Ordinarily, summary judgment is inappropriate "where the parties have not had an opportunity for reasonable discovery." E.I. du Pont De Nemours and Co. v. Kolon Industries, Inc., 637 F.3d 435, 448-49 (4th Cir. 2011). However, "the party opposing summary judgment ‘cannot complain that summary judgment was granted without discovery unless that party has made an attempt to oppose the motion on the grounds that more time was needed for discovery.'" Harrods Ltd. v. Sixty Internet Domain Names, 302 F.3d 214, 244 (4th Cir. 2002) (quoting Evans v. Techs. Applications & Serv. Co., 80 F.3d 954, 961 (4th Cir. 1996)). To raise adequately the issue that discovery is needed, the non-movant typically must file an affidavit or declaration pursuant to Rule 56(d) (formerly Rule 56(f)), explaining why, "for specified reasons, it cannot present facts essential to justify its opposition, " without needed discovery. Fed.R.Civ.P. 56(d); see Harrods, 302 F.3d at 244-45 (discussing affidavit requirement of former Rule 56(f))

         "[T]o justify a denial of summary judgment on the grounds that additional discovery is necessary, the facts identified in a Rule 56 affidavit must be ‘essential to [the] opposition.'" Scott v. Nuvell Fin. Servs., LLC, 789 F.Supp.2d 637, 641 (D. Md. 2011) (alteration in original) (citation omitted). A non-moving party's Rule 56(d) request for additional discovery is properly denied "where the additional evidence sought for discovery would not have by itself created a genuine issue of material fact sufficient to defeat summary judgment." Strag v. Bd. of Trs., Craven Cmty. Coll., 55 F.3d 943, 954 (4th Cir. 1995); see Amirmokri v. Abraham, 437 F.Supp.2d 414, 420 (D. Md. 2006), aff'd, 266 F.App'x. 274 (4th Cir.), cert. denied, 555 U.S. 885 (2008).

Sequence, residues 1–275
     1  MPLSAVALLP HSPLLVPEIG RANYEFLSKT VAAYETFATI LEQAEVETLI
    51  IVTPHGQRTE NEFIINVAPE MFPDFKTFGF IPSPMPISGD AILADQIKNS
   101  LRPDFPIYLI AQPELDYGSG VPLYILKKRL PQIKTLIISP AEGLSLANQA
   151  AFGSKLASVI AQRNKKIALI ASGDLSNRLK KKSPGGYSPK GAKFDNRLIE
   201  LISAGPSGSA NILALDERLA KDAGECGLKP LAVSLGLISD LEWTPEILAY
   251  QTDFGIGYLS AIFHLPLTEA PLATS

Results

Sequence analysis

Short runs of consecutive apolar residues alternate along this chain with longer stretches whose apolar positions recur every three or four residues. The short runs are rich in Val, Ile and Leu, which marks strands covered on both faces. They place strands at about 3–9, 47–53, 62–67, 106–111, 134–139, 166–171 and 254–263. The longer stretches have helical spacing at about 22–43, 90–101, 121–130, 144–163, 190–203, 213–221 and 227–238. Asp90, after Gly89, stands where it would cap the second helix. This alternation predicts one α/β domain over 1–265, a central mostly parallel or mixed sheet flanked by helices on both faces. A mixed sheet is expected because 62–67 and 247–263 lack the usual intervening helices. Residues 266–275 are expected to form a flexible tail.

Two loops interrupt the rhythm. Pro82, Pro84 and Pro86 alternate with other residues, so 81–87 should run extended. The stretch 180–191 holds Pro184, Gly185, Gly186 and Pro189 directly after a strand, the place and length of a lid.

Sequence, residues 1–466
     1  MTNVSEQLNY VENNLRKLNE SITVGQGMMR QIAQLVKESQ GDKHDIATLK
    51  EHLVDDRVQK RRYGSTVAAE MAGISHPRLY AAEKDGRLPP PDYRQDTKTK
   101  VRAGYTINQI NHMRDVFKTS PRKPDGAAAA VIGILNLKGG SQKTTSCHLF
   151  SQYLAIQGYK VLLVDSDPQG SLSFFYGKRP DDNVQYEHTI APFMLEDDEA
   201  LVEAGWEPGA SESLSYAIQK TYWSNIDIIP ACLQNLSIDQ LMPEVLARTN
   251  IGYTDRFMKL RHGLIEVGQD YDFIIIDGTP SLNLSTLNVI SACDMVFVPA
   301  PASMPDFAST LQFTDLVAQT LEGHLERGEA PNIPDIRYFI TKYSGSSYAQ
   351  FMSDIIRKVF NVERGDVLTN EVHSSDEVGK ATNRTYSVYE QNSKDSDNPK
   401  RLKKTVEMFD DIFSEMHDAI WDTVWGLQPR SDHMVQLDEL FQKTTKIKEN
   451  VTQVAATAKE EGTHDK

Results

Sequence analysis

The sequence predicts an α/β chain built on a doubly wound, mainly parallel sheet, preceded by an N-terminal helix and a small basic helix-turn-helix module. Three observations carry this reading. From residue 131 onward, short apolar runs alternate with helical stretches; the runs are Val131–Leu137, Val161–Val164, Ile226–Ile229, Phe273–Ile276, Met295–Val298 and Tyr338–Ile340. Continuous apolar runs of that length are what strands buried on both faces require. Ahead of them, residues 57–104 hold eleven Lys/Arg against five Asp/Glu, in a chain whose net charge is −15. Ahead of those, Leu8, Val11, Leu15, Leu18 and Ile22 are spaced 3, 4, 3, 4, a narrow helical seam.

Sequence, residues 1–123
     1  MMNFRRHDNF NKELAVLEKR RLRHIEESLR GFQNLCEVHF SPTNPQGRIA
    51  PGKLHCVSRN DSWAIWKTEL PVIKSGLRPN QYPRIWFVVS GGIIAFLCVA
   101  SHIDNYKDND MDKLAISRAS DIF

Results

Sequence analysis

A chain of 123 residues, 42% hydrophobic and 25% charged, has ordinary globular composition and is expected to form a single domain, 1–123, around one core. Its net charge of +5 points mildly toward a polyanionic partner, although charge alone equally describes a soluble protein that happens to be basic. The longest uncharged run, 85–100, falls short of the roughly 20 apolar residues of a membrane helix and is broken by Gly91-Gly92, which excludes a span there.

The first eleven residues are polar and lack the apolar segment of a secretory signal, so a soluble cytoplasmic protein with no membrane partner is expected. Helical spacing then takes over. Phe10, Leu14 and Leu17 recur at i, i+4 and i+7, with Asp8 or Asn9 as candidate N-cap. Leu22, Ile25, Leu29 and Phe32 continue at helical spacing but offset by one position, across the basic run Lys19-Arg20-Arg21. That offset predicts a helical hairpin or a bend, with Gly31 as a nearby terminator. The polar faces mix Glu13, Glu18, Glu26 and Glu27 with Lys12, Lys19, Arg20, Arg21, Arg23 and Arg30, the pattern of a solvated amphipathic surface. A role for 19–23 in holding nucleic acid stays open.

If a non-moving party believes that further discovery is necessary before consideration of summary judgment, the party fails to file a Rule 56(d) affidavit at his peril, because "‘the failure to file an affidavit …is itself sufficient grounds to reject a claim that the opportunity for discovery was inadequate.'" Harrods, 302 F.3d at 244 (citations omitted). But, the non-moving party's failure to file a Rule 56(d) affidavit cannot obligate a court to issue a summary judgment ruling that is obviously premature. Although the Fourth Circuit has placed "‘great weight'" on the Rule 56(d) affidavit, and has said that a mere "‘reference to Rule 56(f) [now Rule 56(d)] and the need for additional discovery in a memorandum of law in opposition to a motion for summary judgment is not an adequate substitute for [an] affidavit, '" the appellate court has "not always insisted" on a Rule 56(d) affidavit. Id. (internal citations omitted). According to the Fourth Circuit, failure to file an affidavit may be excused "if the nonmoving party has adequately informed the district court that the ...